Healthcare is full of medical terms and industry-speak that most of us have a hard time understanding. Without knowing the basics, it’s hard to understand how things work. Here are some key terms you should know as you navigate the world of home dialysis.
Arteriovenous Fistula (AV fistula) – A surgeon creates an arteriovenous fistula by making a connection between an artery (which carries blood away from the heart) and a vein (which carries blood back to the heart). This artificial connection allows the vein to become larger and for the walls of the vein to thicken, a process termed maturation. A mature fistula makes it easier for the vein to be punctured repeatedly for dialysis.
Buttonhole Technique – Another technique for inserting needles into native AV fistulae. Buttonhole technique is a cannulation method where a patient cannulates the method where an individual cannulates the AV Fistula in the exact same spot, at the exact same angle and depth of penetration every time.
Care Partner – Someone chosen by a patient to be involved in his or her health care experience, staying overnight with the patient if needed. The Care Partner may be a spouse, significant other, family member or friend.
Continuous Ambulatory Peritoneal Dialysis (CAPD) – A type of dialysis that you can do by yourself and doesn’t require any machines. Sterile plastic tubing and a bag containing about two quarts of dialysate are attached to the catheter. The bag is raised above the shoulder and a clamp on the tube is released. Gravity causes the dialysate to slowly flow into the abdomen, where it comes in contact with the peritoneum.
Continuous Cycling Peritoneal Dialysis (CCPD) – CCPD can be done alone or with a partner. Like CAPD, it uses the peritoneum as a filter. Unlike CAPD, it involves the use of a machine, called a cycler.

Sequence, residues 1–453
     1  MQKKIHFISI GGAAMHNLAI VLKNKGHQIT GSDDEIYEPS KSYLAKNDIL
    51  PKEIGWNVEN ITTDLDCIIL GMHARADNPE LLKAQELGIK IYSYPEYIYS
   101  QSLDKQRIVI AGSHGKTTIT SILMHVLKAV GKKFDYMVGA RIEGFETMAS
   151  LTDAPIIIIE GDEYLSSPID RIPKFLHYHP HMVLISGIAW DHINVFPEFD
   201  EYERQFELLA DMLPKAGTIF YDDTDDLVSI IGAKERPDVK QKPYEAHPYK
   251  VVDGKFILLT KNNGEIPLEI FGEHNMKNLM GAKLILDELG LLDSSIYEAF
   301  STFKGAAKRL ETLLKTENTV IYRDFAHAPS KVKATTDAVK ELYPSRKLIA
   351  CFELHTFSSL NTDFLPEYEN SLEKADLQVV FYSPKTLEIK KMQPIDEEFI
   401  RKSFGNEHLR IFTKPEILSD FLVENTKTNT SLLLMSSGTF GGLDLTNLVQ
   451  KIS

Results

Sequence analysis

Dialysate – One of the two fluids used in dialysis. The other fluid being blood. Its main function is to remove waste material from the blood and to keep useful material from leaving the blood. Electrolytes and water are some materials included in the dialysate so that their level in the blood can be controlled.
Dwell Time – The period the dialysis solution is in your abdomen is called the dwell time. A typical schedule calls for four exchanges a day, each with a dwell time of 4 to 6 hours. Different types of PD have different schedules of daily exchanges.
Exit Site – The place where your peritoneal dialysis catheter comes out of the skin.
Home hemodialysis (HHD) – Dialysis is the most common treatment for patients with advanced kidney failure. The function of dialysis is to help your body by filtering out waste and excess fluid the way your kidneys would if they were working properly. Home hemodialysis can offer you many advantages, including the ability to complete your treatments in the comfort of your own home. Home treatment offers you more flexibility.
The biggest advantage of home hemodialysis is a greater quality of life and control over your own treatments. Home hemodialysis, while still requiring a strict schedule, allows the patient a little more freedom and comfort.
Kt/V – Another way of measuring dialysis adequacy. In this measurement, K stands for the dialyzer clearance, the rate at which blood passes through the dialyzer, expressed in milliliters per minute (mL/min). T stands for time. Kt, the top part of the fraction, is clearance multiplied by time, representing the volume of fluid completely cleared of urea during a single treatment. V, the bottom part of the fraction, is the volume of water your body contains.
Peritoneal Dialysis (PD) – A way to remove waste products from your blood when your kidneys can no longer do the job adequately. During peritoneal dialysis, blood vessels in your abdominal lining (peritoneum) fill in for your kidneys, with the help of a fluid (dialysate) that flows into and out of the peritoneal space.
Peritoneal Dialysis Exchange – The draining and replacement of used dialysis solution.
Short daily home hemodialysis (HHD) – Short daily Home HD lasts approximately 1.5 to 3 hours and is performed about five to seven times per week. Because this treatment is performed more frequently, this type of therapy can help reduce symptoms like headaches, nausea, and cramping after treatment because less fluid is generally removed with each treatment.
Self-cannulation – A technique that allows patients on hemodialysis to place the needles into their own vascular access, a fistula, or graft for the purpose of hemodialysis dialysis needles into their vascular access.
Vascular Access – Provides reliable sites where the bloodstream can be easily accessed each time for the purpose of dialysis.